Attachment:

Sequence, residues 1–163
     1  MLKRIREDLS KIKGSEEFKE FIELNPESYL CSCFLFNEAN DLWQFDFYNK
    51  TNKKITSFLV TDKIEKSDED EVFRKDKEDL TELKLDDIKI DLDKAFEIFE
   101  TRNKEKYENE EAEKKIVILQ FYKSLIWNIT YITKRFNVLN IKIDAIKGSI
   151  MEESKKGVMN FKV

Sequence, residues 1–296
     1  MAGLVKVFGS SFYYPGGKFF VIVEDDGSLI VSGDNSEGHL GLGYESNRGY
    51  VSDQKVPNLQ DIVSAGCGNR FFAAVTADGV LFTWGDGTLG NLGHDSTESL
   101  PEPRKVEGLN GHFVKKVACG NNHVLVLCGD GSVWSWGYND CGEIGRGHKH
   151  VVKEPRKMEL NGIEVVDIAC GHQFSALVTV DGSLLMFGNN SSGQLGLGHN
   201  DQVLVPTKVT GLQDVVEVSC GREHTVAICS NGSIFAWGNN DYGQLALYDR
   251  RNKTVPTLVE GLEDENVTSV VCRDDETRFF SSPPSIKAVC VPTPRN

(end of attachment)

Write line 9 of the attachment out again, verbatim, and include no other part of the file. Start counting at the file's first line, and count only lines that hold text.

   101  PEPRKVEGLN GHFVKKVACG NNHVLVLCGD GSVWSWGYND CGEIGRGHKH